An essay written by Sir Paul McCartney as a 10-year-old has been discovered in Liverpool’s Central Library after more than 50 years.
The young McCartney beat hundreds of other school children to win a prize for a 1953 essay marking the Queen’s coronation. It is thought to be one of the earliest surviving written works by McCartney.
In the essay he refers to “the lovely young Queen Elizabeth”, and compares the happy scenes expected outside Buckingham Palace with the coronation of William the Conqueror nine centuries earlier, when a massacre of Saxons took place.
He claims that Britain’s “present day royalty rules with affection rather than force”, describes a coronation cup with Elizabeth II on the front and Elizabeth I on the back, and concludes by saying: “After all this bother, many people will agree with me that it was well worth it.”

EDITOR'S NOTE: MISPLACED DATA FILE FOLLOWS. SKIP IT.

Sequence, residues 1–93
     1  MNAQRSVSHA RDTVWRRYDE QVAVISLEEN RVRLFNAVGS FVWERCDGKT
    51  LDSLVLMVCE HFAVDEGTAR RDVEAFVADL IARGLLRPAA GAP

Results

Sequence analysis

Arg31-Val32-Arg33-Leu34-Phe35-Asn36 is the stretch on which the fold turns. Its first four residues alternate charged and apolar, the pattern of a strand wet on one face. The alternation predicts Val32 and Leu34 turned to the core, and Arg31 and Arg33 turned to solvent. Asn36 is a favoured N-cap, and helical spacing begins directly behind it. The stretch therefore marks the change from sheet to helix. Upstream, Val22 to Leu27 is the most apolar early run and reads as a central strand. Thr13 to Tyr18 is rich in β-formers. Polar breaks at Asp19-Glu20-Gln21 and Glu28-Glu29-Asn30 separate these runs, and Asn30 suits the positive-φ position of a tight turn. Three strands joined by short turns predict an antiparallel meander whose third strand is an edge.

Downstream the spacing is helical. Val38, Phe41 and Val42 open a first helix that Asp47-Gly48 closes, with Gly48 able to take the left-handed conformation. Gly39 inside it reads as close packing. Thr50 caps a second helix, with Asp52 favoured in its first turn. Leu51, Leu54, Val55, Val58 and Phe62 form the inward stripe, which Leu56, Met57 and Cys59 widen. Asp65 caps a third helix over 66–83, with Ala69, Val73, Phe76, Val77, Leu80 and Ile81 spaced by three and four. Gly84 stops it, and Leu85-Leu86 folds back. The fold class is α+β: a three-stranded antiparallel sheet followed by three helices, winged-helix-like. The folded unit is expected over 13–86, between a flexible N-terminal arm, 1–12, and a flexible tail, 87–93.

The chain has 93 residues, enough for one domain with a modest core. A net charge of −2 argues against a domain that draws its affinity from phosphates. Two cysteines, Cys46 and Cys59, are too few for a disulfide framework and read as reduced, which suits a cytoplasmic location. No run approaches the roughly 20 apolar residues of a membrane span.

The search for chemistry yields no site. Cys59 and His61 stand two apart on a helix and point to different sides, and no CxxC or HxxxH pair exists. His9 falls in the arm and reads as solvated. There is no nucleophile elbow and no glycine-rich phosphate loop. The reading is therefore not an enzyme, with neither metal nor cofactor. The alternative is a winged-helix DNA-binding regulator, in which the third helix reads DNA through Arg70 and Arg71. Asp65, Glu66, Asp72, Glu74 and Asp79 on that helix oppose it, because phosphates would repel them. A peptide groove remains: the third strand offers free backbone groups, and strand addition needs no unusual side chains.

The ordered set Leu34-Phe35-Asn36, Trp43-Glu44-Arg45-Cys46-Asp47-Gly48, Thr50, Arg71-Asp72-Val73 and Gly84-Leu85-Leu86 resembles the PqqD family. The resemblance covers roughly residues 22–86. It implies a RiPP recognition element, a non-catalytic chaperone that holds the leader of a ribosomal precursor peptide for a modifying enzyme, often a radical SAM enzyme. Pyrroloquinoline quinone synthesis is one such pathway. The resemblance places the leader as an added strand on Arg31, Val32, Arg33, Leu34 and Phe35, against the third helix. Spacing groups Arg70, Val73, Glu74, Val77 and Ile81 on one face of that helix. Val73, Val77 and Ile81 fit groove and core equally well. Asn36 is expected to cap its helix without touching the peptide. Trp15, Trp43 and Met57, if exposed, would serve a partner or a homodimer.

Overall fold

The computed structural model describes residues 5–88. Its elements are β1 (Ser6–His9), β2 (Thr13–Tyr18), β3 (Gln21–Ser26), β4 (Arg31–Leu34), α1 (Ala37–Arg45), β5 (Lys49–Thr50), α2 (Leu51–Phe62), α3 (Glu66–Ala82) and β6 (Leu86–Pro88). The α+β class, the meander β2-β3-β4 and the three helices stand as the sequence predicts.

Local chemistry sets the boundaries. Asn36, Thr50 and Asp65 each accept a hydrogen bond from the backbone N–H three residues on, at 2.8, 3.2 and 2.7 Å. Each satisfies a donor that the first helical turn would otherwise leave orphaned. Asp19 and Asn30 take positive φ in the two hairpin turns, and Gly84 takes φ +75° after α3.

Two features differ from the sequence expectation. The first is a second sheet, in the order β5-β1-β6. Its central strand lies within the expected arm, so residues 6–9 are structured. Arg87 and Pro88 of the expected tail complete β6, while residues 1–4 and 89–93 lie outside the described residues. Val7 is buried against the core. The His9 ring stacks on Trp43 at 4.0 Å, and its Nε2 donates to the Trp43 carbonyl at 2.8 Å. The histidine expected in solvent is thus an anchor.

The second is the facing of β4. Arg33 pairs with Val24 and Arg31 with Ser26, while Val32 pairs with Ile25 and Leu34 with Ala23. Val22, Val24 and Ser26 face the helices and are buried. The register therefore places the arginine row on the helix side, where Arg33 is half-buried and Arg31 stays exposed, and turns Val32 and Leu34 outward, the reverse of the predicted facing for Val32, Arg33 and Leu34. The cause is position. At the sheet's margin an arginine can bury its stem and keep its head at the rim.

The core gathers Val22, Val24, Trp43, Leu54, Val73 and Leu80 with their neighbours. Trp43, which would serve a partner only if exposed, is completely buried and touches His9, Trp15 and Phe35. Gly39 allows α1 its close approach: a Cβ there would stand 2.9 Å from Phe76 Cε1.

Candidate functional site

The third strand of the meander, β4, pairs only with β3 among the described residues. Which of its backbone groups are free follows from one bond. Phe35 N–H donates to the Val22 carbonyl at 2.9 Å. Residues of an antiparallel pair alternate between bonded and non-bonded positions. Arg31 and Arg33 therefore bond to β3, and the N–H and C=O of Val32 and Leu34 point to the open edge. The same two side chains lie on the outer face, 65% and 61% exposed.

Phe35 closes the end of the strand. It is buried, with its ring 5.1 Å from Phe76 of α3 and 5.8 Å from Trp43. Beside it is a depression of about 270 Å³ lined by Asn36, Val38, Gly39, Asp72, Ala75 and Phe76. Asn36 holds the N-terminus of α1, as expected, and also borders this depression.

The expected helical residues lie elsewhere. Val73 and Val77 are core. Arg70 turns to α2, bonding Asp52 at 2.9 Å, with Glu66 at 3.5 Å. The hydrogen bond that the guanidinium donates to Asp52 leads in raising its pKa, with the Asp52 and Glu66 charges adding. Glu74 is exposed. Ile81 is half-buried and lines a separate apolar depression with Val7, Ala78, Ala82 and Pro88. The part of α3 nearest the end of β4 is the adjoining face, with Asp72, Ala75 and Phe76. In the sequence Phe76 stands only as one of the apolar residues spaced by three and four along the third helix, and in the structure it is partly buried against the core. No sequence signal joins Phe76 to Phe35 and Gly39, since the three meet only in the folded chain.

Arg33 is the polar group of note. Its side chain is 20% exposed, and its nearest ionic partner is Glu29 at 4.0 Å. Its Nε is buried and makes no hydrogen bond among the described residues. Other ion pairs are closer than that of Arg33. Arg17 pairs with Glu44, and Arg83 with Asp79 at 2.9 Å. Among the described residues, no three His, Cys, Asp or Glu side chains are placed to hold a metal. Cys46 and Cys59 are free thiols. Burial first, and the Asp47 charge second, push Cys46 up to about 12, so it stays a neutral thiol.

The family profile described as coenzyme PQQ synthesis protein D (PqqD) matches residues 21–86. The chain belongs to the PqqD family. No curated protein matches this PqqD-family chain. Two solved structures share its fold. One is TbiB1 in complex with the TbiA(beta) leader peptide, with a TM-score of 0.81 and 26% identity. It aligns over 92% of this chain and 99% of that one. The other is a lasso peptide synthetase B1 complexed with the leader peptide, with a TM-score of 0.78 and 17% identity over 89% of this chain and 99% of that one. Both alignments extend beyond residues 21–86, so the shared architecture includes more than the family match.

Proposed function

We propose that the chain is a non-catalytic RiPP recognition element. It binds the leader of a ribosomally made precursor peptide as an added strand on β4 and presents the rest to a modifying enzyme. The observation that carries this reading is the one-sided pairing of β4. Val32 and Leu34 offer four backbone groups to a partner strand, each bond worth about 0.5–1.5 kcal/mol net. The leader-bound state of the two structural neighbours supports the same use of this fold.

Liverpool’s Lord Mayor presented McCartney with the prize – despite the work being graded down for grammatical errors.
The library is to display the essay – found in a scrapbook – to mark the 60th anniversary of the coronation in 2013.
McCartney wrote Her Majesty in 1969, and was knighted by the Queen in 1997.